It should be noted that Gokh-bi System performed in five languages, so their words were for the most part incomprehensible. However, the performance never lacked impact or emotional content. The songs, prefaced by a few words from Mamadou or Diasse, ranged in themes from disease, to violence, to lost friendship, to love, to celebration, to the beauty of their homeland. Each theme was reflected in the lyrical style, the percussion and the tones of the ekonting.
When Sana sang about the death of a friend, he sang alone with the spooky strum of the ekonting. When Mamadou and Diasse rapped about AIDS (SIDA, since they were rapping in French), the beat was solemn and gritty. As they sang about Africa in one of their first songs, the energy was palpable as it flowed through the auditorium. Sana’s wailing provided a fitting backdrop for the poetic flurry from Mamadou and Diasse. One song, entitled “Reggae,” was especially exciting for this reviewer; while Backa beatboxed (a vocal percussion form well known to hip-hop performers in the US), Diasse channeled Ninja Man, a legend in Jamaican dancehall music, as he traded verses with Mamadou in a lyrical conversation.
In perhaps the most surprising piece of performance of the night, Backa, the percussionist, came from behind his drum set and sang. Backa Niang was tall and broad, and he played the drums like a man possessed. With that image in mind, seeing his imposing figure take the microphone and croon as sweetly and powerfully as R. Kelly â€“ no exaggeration â€“ was a shocking treat.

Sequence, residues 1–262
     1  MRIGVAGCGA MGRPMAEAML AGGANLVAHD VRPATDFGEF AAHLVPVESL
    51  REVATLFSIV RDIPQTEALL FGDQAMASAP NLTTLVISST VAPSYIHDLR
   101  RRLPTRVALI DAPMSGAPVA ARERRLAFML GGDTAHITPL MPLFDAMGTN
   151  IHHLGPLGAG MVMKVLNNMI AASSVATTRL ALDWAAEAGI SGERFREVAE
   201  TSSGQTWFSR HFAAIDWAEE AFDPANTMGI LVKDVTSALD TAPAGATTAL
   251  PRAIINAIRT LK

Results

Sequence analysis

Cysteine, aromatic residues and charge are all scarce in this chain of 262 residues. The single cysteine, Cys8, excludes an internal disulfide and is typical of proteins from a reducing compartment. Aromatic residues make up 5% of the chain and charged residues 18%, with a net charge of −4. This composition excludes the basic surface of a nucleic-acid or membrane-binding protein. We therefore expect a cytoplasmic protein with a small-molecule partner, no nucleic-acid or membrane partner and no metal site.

The dancing of Abdou Sarr and Sekou Sylla â€“ another surprising example of multiple talents â€“ provided the highlight of the night. They danced frequent solos during the faster songs; in fact, the songs themselves often took a back seat to the dancing, which was of a uniformly high quality. Like the numerous drum improvisations, much of the dancing seemed to be done off the cuff, which was fitting for such a wildly energetic performance. Sekou, while clearly not the youngest of the performers, pranced about with an unexpected energy. Abdou outshone him with a performance that was incredibly vibrant and undeniably sexual. He thrust his hips and shook his rear with a virtuosity that I have not seen since the video for “Back That Thang Up.”
Abdou also had a penchant for audience participation; he paced the stage and auditorium maniacally, eventually taking patrons onto the stage to dance up a storm, myself included. The involvement of the audience made the whole event more intimate and fun. It was a great party.
The evening was tarnished by a few minor annoyances. Diasse’s microphone was perpetually underpowered. The rug which was placed on the stage shifted under the pounding of the dancers’ feet, forcing Sekou and Abdou to dance on the edges of the already-crowded stage. This reviewer danced very poorly in comparison. One woman seemed unable or unwilling to control her cute but invasive toddler, who insisted on crawling along the edge of the stage, which was quite distracting. Nevertheless, the crowd was in such a good mood that these bothers were insignificant.
Gokh-bi System was phenomenal, and their style of musical fusion has to be heard to be believed. The performance series of African artists at the Clark is off to a raging start.